Joint Economic Committee Explores Ways To Help Americans Save
Senior Fellow at The Brookings Institution.
“The U.S. tax system is excessively complex to the point where it discourages personal saving,” said Bennett. “The income tax system and the treatment of dividends, capital gains, and interest income lets the government tax the returns from saving two or even three times before it reaches
a worker’s pocket. The tax advantages we do provide, such as for IRAs, are complicated, and unreasonably restrictive.”
Two years ago, American households saved only 1.5% of their income, an all-time low. Just over a decade ago, households saved eight percent of their income, and in the 1970s and early 1980s the saving rate was regularly over ten percent. Personal saving is low not only by historical standards but by international standards; nearly every other westernized economy saves more than the U.S., as do many developing countries.
“As Americans live longer and entitlement programs balloon, it is not realistic to expect the federal government to pick up the entire tab,” said Bennett. “What’s more, saving finances the investment necessary to spur further economic growth. The American economy is driven by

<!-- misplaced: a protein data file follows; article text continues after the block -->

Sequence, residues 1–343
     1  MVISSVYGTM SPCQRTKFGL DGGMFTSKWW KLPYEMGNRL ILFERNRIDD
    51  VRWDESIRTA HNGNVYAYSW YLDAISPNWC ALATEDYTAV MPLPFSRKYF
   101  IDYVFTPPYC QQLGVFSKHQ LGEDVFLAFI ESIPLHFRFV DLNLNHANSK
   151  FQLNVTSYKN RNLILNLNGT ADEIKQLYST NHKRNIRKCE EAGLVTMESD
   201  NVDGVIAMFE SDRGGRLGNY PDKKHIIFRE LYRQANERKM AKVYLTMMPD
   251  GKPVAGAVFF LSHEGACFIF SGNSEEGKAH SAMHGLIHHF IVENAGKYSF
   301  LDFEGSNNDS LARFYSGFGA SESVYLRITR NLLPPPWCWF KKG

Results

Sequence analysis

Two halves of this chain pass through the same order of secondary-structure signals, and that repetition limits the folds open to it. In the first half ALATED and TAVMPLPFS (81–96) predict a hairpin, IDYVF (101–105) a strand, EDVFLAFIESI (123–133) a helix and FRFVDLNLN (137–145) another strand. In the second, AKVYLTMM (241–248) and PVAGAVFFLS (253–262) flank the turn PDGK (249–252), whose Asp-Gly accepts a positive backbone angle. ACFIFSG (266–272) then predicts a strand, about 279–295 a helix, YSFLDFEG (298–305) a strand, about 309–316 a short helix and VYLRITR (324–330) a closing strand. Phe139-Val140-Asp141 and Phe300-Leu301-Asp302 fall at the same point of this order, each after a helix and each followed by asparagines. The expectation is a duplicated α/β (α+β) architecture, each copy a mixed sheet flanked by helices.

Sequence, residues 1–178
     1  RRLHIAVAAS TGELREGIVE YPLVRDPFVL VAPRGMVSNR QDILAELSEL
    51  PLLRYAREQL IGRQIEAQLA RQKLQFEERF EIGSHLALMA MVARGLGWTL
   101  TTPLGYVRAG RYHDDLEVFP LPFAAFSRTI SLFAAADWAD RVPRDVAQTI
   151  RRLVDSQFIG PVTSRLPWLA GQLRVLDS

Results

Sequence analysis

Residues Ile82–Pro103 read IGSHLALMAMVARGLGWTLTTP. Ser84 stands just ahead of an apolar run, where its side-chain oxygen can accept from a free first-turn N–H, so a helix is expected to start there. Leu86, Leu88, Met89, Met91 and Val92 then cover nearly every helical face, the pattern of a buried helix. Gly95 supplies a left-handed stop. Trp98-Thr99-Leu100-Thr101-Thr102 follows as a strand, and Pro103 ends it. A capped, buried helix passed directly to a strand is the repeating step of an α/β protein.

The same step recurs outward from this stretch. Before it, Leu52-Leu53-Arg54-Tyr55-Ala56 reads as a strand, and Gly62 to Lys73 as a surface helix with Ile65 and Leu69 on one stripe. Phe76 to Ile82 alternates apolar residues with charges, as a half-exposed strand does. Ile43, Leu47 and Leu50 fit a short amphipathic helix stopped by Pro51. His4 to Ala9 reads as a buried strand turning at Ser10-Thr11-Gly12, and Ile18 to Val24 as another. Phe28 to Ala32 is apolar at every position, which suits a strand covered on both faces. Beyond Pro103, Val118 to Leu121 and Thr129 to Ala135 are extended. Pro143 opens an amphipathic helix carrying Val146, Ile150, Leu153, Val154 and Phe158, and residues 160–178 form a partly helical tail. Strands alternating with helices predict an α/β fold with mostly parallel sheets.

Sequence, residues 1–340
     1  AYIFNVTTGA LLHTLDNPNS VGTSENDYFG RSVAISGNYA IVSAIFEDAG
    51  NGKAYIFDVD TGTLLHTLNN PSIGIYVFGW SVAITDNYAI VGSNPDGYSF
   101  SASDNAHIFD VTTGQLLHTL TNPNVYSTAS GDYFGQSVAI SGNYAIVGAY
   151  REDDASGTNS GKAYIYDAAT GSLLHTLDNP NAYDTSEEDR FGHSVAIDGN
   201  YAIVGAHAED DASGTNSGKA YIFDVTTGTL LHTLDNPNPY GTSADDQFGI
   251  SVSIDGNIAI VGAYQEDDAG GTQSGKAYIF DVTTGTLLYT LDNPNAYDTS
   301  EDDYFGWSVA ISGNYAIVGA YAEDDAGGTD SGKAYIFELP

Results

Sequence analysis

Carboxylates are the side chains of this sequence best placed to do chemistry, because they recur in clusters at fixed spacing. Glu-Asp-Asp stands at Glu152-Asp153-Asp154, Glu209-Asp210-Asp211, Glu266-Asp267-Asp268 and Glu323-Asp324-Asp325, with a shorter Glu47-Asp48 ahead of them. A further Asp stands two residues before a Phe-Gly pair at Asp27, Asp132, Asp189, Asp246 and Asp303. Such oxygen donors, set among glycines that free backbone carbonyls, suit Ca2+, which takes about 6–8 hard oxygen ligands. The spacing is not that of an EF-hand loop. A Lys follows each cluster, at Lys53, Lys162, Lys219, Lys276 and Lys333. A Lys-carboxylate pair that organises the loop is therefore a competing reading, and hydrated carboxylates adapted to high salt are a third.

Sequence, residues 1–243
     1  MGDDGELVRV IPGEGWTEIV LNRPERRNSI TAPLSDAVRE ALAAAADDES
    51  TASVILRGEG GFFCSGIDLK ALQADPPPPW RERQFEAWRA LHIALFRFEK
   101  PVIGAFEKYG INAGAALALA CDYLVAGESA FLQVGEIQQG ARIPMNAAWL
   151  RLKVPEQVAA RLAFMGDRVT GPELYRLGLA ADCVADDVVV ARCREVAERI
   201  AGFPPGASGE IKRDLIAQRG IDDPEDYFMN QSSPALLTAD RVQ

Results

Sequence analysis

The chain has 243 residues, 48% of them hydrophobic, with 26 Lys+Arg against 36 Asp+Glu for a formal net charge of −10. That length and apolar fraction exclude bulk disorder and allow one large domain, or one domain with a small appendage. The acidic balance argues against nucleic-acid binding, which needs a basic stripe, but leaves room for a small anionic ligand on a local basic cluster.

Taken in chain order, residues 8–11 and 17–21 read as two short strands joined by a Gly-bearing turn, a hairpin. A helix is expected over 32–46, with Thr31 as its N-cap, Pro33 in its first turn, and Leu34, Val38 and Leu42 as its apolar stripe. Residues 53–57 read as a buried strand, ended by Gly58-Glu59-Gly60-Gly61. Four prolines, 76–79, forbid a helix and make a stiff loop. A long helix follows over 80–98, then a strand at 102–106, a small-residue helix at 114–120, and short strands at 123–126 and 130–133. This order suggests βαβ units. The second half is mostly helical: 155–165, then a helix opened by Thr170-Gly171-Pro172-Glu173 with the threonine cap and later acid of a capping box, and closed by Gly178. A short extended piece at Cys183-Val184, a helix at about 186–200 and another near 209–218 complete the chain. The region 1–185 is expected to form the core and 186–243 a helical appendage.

ingenuity and entrepreneurship, but even the most ambitious genius with a business plan can do little without ready access to capital.”
The panel concluded that policymakers should adopt simple, common-sense changes to the current tax code making it easier and more attractive for individuals to save. It was also agreed that financial education should become a core component in schools and in the workplace in order to improve the financial well-being of all Americans.